In December 1948, Edward Hopkinson Jr. (1885-1966), the great-great grandson of Francis Hopkinson, donated a series of bound music volumes from his family's collection to the Penn Libraries. These are now called "The Hopkinson Collection of Music" and consist of 15 bound volumes containing both printed and manuscript music collected by Francis Hopkinson (1737-1791), Joseph Hopkinson (1770-1842), and Oliver Hopkinson, (1812-1905). Included in this set are copies of printed music printed mainly in London. Within this collection are two manuscript music compositions by Francis Hopkinson (vols. 12 and 15). The Hopkinson Collection was acquired for the library by Otto Albrecht, whose papers are also in the Kislak Center.
- View records for the music in the fifteen-volume Hopkinson Collection of Music in the Franklin catalog
In 1950, Edward Hopkinson Jr. gave Penn an additional Francis Hopkinson music manuscript which seems not to have descended in the family, but rather was purchased in the prior decade. This harpsichord album is now UPenn Ms. Codex 14.
In her 1968 thesis on and catalog of Hopkinson's music, Caroline Richards identified and described a total of four manuscript volumes containing music composed by Hopkinson. Three of these are in the Hopkinson holdings in the Penn Libraries, and the fourth is at the Library of Congress. She designated these manuscripts as A, B, C, and D.
- Richards MS A: A volume with the cover title "His book" dated circa 1759 (now Library of Congress ML96 .H83 no. 1)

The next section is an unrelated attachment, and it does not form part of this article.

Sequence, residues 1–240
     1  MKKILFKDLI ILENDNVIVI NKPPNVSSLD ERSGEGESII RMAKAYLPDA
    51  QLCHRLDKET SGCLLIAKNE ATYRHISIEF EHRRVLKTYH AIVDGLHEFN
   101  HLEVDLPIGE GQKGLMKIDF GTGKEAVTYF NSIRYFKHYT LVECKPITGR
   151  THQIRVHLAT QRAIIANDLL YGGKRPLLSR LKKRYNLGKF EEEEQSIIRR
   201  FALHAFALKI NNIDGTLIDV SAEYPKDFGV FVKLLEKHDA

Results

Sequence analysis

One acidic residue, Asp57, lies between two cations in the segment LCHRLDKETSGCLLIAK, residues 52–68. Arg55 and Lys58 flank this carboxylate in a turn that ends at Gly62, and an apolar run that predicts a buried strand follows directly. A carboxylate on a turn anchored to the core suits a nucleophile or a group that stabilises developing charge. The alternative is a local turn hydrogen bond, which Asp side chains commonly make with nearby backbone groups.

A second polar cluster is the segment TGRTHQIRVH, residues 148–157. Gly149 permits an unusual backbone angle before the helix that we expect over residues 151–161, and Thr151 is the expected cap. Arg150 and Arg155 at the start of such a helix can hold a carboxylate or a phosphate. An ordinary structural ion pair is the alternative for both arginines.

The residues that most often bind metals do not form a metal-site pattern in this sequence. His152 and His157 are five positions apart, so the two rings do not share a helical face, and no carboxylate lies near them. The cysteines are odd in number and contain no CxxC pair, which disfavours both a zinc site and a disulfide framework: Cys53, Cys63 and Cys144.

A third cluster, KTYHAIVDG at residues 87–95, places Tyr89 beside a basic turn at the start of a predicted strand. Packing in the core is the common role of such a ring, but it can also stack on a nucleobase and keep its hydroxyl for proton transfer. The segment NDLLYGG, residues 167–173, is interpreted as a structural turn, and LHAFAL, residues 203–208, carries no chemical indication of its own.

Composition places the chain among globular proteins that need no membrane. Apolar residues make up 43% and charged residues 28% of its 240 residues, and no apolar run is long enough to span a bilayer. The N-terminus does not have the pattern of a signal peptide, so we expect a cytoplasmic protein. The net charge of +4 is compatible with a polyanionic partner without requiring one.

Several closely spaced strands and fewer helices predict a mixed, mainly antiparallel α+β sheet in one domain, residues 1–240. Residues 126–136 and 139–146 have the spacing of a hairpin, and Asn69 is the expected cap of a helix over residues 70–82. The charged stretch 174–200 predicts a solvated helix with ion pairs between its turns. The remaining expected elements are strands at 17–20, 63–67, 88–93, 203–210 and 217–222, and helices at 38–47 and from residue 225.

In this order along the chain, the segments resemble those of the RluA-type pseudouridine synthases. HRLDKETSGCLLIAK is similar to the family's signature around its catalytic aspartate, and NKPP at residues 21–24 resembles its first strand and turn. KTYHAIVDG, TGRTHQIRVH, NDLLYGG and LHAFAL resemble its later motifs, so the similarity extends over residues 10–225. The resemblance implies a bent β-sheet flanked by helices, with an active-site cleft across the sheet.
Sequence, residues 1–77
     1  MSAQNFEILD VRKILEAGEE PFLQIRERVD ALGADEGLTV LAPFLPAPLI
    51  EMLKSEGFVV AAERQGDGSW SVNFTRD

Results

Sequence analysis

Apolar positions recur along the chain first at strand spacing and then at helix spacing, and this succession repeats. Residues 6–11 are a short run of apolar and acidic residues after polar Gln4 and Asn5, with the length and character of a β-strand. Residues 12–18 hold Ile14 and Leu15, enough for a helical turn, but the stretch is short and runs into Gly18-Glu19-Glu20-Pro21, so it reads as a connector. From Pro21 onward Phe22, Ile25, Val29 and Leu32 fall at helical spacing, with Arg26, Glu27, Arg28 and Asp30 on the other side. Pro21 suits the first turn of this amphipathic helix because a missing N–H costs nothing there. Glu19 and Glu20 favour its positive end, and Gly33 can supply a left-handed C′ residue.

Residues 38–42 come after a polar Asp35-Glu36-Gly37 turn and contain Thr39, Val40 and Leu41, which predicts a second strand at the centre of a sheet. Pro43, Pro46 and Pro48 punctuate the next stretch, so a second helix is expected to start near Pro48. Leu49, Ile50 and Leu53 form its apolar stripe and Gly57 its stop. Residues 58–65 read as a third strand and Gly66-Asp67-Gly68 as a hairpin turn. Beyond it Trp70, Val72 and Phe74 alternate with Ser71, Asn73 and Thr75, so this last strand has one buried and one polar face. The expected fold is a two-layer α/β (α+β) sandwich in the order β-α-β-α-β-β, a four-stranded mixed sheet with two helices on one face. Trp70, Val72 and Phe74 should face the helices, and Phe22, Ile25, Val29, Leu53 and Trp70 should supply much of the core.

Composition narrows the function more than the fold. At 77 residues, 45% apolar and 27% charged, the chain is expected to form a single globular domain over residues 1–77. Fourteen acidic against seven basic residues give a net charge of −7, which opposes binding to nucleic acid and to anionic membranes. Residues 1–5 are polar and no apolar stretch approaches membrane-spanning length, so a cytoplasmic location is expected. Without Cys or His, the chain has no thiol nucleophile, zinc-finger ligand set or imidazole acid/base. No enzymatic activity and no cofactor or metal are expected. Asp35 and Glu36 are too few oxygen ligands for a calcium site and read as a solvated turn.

- Richards MS B: A volume with the cover title "Lessons" (Folio M1 .A11 H6 vol. 12). Hopkinson Family Collection.
- Richards MS C: A fragment of a song book (Folio M1 .A11 H6 vol. 15). Hopkinson Family Collection.
- Richards MS D: A harpsichord album (Ms. Codex 14). Gift of Edward Hopkinson Jr. in 1950. Not part of the Hopkinson Family Collection. [Now thought to be in the hand of Michael Hillegas rather than Hopkinson]
An additional manuscript purportedly written by Hopkinson was given to the Library of Congress as part of the Marian Carson Collection in 1996 and is now LC ML96 .H83 no. 2.
Scholarly consensus now seems to indicate that both Ms. Codex 14 and LC ML96 .H83 no. 2 were written by the same eighteenth century hand but that neither are likely penned by Francis Hopkinson himself, but rather by his associate and contemporary Michael Hillegas (1729-1804). These two manuscripts seem to have been purchased by the Philadelphia book dealers Michael and Paul Woehlcke along with others from Hillegas' descendants in the 1930s and are documented as having been offered for sale in the 1940s when Edward Hopkinson Jr. likely purchased what is now Ms. Codex 14.
The confusion around the authorship of the Hopkinson music manuscripts is compounded by the fact that in 1934 the Musical Fund Society of Philadelphia purchased a collection of manuscripts purportedly written by Francis Hopkinson. Subsequent investigation showed these to be forgeries produced by Charles Bates "The Baron" Weisburg. The Musical Fund Society collection at Penn today does not include these forgeries as they were not kept by the Society. These same forgeries seem to have resurfaced at auction in 2002 before they were withdrawn. The saga is fully documented in Anderson et al., "Forgery in the Music Library" (2004, full citation below). It is worth noting that the Kislak Center holds key materials surrounding the forgeries, including the Edward Brooks Keffer collection concerning Hopkinson forgeries (Ms. Coll. 883) and digital scans of the alleged forgeries offered for sale in 2002.
Additional Hopkinson music items include General Washington's March and four scores by Hopkinson owned and perhaps performed by Marian Anderson.